Until construction breaks ground on the new facilities, leaders said it can use the property for additional parking and special events.
Along with the improved building, the fire department is looking to purchase a $1.2-million ladder truck, along with other needed equipment, and add 12 firefighters.
“We’re eventually going to need four on a crew to work,” fire chief Bo Fussell said at the meeting. “We already have to have four on scene before we send a firefighter into a building to save a person or extinguish a fire.”
Braxton suggested looking into a fire tax, as neighboring towns have, to fund the projects. He also proposed a fire truck fund, allocating money to it annually.
Shipley broached the elephant in the room about raising taxes, which he referred to as “the ‘T’ word.”
“I know we raised them by 3 cents last year,” Shipley said, “and I’m not saying we do that. I’m saying if we’re looking at the crystal ball for 10 years and beyond, do we want to trickle that as we go forward, as opposed to hitting them all at once 10 years from now?”
Topsail Beach’s tax rate increased from $0.31 per $100 valuation to $0.34 per $100 in the fiscal year 2023 budget.
Braxton said if taxes significantly rose all at once it would cause a “rebellion.”
“A fire tax, though, people could be understanding,” he added.
Also on the horizon: the cancellation of Pender EMS/Fire providing water rescue staff in the next two years. Pender EMS and Topsail have a verbal agreement — no formal contract — and indicated to both Shipley and Fussell it wouldn’t be able to provide assistance much longer, based on increased costs and staffing shortages.
Topsail fire wants to purchase an $80,000 boat to avoid having to rely on neighboring towns in emergencies. Right now, water rescue services are provided Memorial through Labor Day only, with at least one “certified swimmer” on call per day. The town’s jurisdiction is through the sound and into the center of the Intracoastal Waterway.
“It’s our responsibility,” Shipley said.
Fussell clarified Topsail has no “obligation” to provide water rescue services, but if a call comes in, the fire department is the one to respond.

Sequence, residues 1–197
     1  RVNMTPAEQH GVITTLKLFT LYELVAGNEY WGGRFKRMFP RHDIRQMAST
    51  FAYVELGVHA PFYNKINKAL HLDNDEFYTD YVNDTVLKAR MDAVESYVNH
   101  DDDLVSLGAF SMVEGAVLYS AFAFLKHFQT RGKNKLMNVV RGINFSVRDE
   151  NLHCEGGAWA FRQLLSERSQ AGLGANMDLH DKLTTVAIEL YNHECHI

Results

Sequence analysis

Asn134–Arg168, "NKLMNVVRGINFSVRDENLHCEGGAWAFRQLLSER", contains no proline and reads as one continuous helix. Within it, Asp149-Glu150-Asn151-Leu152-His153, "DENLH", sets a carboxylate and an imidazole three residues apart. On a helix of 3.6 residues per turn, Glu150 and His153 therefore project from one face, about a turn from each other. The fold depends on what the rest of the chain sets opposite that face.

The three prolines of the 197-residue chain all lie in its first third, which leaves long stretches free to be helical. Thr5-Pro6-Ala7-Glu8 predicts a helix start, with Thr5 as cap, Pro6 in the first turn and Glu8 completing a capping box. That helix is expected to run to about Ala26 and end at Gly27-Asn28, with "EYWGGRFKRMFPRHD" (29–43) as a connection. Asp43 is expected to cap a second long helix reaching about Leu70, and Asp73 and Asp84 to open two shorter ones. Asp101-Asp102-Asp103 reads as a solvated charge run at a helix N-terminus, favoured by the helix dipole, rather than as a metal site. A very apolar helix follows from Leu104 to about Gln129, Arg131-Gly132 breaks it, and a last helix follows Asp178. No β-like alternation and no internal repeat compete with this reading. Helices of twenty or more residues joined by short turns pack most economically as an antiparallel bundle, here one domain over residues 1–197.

Last year, Topsail received 12 calls oceanside and five of them required a team to go into the water.
“So, if we don’t have a certified swimmer, then basically there’s nothing we can do except wait until Pender County gets there with their boat or a good Samaritan goes in,” he said.
Water and sewer needs
Currently, the town sources its water from Pee Dee Aquifer, drawn through four aging wells, the oldest a 40-year-old tank on Anderson Boulevard.
“We can only pump so much within each well,” Mayor Smith said. “The winter would be easy but summer, with 10,000 more tourists, would be difficult.”
The town has multiple options for improving capacity moving forward. Topsail is hooked into Surf City’s water plant as a backup for emergencies.
“We’ve had to turn the valve on one time for pressure needed for a fire, but as far as use for day-to-day, it’s not an option at this time,” Shipley said. “But it’s there and something we could and maybe should investigate.”
Shipley said he discussed with Surf City town manager Kyle Breuer its desire to expand sewer capacity. The two are open to the idea of teaming up on the project.
The other possibility is for Topsail to tie into Pender County’s reverse osmosis plant, in the planning stages over the last few years. The county is struggling to find adequate land to build on and construction could still be more than five years out.
Plus, the town would have to fund construction to run lines across the sound to tie into Pender County. It would also need to build a pump station, which would include purchasing easements. Costs could exceed $70 million to run both water and sewer to the county.
The third option was to build a new well in town; however, finding a suitable location would also be difficult, Shipley explained. He added there were advantages and disadvantages to each path.
“All our systems to date are working as designed and functioning well,” Smith said. “But we need to be prepared for something down the road.”
Commissioners agreed to have a sit down with Surf City officials after Jan. 1 and discuss future options for water and sewer.